July 24, 2020
What to expect in Washington (July 24)
Senate Majority Leader Mitch McConnell's (R-KY) proposal for the next coronavirus bill now won't be released until at least Monday. "The Administration has requested additional time to review the fine details," he said yesterday, "but we will be laying down this proposal early next week. We have an agreement in principle on the shape of this package." The comments followed Treasury Secretary Steven Mnuchin and White House Chief of Staff Mark Meadows going into a morning meeting with McConnell that Meadows said was over final details and "hopefully we'll be able to resolve this." The form of the rollout is unclear, but the GOP plan could begin as a series of bills rather than a single package.
The Washington Post reported it was Secretary Mnuchin that suggested a stopgap measure to only extend expanded unemployment benefits past July 31 as other aspects of relief are negotiated, though the idea was dismissed on Capitol Hill given the enormity of the crisis. "This terrible virus is still with us. It kills more Americans every day," Senator McConnell said. House Speaker Nancy Pelosi (D-CA) said, "We cannot piecemeal this," and both she and Senate Democratic leader Chuck Schumer (D-NY) repeated that Republicans need to have something down on paper before negotiations can begin in earnest.
"[H]ere we are, still waiting for the Republicans to put together a partisan bill … " Senator Schumer said during a joint news conference. "And now, we're hearing that the Republicans may only be able to produce a series of disjointed small proposals that don't even add up to a coherent plan to fight COVID." He criticized the likely omission from the GOP plan of food and rental assistance and state and local government funding. Asked whether the bill can be completed by the end of next week as the Administration aims, the Speaker said, "Well, depending on what they come up with."
Additional stimulus checks are likely to be called for in the GOP proposal, and Secretary Mnuchin said they would be proposed at the same amount as under the CARES Act — $1,200 per individual, $2,400 for couples and $500 for each qualifying dependent. The Wall Street Journal reported on positive prospects for tax items like a 'mobile workforce' plan to exempt employers from withholding state income tax and workers from filing returns in another state if they work there for 30 or fewer days a year and provide that rules for determining worker presence won't apply for 2020, and a refundable payroll tax credit for safe business opening/operations through testing, cleaning, PPE, and reconfiguration.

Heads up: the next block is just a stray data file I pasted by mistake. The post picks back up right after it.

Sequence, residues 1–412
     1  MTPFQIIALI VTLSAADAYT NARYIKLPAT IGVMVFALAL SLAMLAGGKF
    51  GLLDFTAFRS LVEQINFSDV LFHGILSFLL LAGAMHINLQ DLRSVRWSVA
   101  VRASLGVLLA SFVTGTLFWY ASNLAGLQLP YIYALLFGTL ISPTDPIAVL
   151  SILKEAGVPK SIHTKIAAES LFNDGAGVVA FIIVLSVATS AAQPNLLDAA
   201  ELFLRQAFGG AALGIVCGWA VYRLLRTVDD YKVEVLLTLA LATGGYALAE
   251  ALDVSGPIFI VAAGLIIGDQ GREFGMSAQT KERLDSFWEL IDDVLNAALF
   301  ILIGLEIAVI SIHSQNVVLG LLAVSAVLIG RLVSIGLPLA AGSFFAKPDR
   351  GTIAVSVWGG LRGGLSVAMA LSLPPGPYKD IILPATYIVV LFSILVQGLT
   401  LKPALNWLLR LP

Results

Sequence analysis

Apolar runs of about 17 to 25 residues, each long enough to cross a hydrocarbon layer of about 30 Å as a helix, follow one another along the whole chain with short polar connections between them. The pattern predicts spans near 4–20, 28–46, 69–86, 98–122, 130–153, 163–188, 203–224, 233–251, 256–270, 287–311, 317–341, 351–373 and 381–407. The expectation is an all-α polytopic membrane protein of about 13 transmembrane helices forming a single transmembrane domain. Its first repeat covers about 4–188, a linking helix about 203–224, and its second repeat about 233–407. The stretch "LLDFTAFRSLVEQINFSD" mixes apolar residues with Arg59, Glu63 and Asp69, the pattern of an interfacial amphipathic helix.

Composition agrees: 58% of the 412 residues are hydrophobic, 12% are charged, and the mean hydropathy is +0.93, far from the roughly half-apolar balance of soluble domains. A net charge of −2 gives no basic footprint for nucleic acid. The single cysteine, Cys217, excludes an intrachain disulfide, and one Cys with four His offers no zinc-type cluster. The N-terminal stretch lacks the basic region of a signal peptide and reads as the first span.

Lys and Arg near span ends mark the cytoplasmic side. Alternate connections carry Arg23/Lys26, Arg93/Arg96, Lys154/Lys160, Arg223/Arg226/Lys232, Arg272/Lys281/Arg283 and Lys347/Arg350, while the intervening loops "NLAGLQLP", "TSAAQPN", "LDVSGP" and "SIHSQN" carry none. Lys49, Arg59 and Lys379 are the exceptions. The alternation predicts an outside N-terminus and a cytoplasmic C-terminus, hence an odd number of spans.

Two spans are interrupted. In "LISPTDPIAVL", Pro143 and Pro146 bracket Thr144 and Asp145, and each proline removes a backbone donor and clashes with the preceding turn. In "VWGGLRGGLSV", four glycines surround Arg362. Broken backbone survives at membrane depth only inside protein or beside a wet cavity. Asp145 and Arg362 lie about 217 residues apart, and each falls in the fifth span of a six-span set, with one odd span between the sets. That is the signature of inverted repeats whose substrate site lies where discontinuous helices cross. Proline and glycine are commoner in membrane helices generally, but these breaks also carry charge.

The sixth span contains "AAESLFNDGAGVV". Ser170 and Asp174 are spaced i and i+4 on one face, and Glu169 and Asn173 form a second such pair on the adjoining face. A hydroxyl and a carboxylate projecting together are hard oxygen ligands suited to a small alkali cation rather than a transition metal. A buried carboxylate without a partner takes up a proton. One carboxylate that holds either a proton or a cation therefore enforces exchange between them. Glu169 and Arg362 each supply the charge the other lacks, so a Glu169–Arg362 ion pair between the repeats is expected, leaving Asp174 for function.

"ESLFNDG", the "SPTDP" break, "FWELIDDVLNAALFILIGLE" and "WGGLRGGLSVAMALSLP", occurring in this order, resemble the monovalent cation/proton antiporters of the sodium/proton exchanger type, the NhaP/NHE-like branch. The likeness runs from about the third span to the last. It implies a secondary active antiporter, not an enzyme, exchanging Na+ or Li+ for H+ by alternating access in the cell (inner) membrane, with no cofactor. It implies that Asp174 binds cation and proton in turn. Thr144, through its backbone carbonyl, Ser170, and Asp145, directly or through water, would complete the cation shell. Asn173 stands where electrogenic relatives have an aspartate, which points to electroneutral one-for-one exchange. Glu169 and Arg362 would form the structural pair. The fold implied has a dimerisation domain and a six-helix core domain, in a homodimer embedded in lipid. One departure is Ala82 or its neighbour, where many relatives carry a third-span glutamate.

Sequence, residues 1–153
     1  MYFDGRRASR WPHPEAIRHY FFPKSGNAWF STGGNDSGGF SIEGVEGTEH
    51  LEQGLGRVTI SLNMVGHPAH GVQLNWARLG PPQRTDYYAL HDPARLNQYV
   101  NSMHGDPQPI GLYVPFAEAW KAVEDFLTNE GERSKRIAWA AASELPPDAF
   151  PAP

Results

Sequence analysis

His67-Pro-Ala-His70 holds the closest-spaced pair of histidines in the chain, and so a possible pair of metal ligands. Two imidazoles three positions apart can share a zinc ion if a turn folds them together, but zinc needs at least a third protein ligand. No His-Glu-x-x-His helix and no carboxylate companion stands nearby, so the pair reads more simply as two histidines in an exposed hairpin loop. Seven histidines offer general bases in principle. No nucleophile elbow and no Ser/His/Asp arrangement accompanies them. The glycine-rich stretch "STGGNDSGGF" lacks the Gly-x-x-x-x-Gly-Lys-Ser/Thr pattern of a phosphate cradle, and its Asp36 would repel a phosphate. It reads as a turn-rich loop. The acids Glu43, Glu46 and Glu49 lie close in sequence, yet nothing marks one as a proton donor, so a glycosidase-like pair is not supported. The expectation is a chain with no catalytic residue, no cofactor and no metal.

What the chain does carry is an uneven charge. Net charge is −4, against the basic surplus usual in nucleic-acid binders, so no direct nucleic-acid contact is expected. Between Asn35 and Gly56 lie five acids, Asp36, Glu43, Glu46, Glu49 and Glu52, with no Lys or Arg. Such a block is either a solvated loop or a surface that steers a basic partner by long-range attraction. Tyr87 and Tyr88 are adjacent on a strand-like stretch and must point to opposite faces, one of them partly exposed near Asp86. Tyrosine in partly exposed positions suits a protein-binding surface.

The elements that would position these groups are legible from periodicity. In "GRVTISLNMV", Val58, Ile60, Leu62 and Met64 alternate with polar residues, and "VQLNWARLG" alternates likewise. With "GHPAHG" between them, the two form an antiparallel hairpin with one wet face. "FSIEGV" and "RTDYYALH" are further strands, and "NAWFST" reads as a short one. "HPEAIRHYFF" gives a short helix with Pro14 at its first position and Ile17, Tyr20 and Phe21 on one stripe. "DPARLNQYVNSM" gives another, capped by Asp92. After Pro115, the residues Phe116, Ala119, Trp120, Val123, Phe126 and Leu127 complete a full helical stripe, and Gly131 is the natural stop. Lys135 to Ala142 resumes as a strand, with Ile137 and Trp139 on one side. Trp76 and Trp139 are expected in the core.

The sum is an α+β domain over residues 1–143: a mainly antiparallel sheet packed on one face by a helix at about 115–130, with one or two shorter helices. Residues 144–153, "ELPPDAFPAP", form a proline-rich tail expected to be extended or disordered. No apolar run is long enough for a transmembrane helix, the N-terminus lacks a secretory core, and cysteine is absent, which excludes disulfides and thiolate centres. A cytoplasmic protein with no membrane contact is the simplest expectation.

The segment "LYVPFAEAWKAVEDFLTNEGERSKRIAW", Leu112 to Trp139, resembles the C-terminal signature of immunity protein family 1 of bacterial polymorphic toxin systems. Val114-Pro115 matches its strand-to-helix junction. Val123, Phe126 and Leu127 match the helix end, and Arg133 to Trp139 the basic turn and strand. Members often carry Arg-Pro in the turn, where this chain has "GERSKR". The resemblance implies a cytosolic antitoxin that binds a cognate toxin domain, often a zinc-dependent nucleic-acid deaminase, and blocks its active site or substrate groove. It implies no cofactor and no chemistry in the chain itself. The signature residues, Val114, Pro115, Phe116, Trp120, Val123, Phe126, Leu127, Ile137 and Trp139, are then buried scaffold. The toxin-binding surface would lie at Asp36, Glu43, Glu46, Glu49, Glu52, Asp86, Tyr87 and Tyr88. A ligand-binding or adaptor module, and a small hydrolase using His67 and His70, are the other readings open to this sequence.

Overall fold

The approach to unemployment benefits was said to be a main sticking point. The Administration has suggested "that the opening Republican bid would be for workers to receive 70% of their previous salary in combined state and federal benefits — which works out to an average of about $200 per week in federal benefits for a typical worker," the New York Times reported. Secretary Mnuchin also said there would be a "turbocharged tax incentive" for hiring, though the details are unclear, Politico. reported.
In the background of the negotiations is the sentiment by some Republicans, including a significant number of senators, that another costly bill should not be pursued. A Wall Street Journal editorial said aside from liability protection and testing money, "The rest of the GOP proposal is a $1 trillion spending bonanza on all and sundry;" another round of direct payments "does nothing for growth;" and "the worst idea is to extend the federal unemployment bonus for several more months." An op-ed by Senator Ron Johnson (R-WI) said Congress has authorized $2.9 trillion of relief, equal to 13.5% of 2019's US GDP, and more than $1 trillion of it hasn't yet been spent or obligated. "So why is Congress rushing to pass at least $1 trillion more?"
A New York Times analysis noted the challenge of Republicans producing a recovery plan before the unemployment benefits add-on expires July 31 and said one complicating factor is the wide range of opinions on how to proceed and fears among senators that they will be shut out of leadership-driven talks. It said senators protesting further aid are outnumbered by those who recognize that members, especially the ones in tough races, "can hardly return home to campaign through August and tell tens of thousands of anxious jobless voters that, sorry, the expanded unemployment benefits have run out."
Although unclear as to whether they would make it into the next COVID response bill, House Ways & Means Committee Republican members yesterday unveiled bills to:
The White House issued a fact sheet last night saying, "President Donald J. Trump is taking action to ensure schools safely reopen in the fall and empower parents to make decisions about their children's education."
Election — The Cook Political Report issued a report yesterday, "Almost 100 Days Out, Democrats Are Favored to Take Back the Senate," and updated ratings of specific races:
Rep. Lewis — Speaker Pelosi announced that "late Civil Rights icon Congressman John Robert Lewis will lie in state in the United States Capitol Rotunda," on Monday, July 27 and Tuesday, July 28.
The global EY Tax COVID-19 Response Tracker is updated through July 21.
Today, July 24 from 12:00-1:00 p.m. EDT is the next webcast in the EY series discussing Tax in the time of COVID-19. This week's panelists will provide updates on: (i) The US legislative and economic landscape; (ii) Global tax policy developments; (iii) Treasury and IRS regulatory projects; and (iv) any IRS and breaking developments. Click here to register.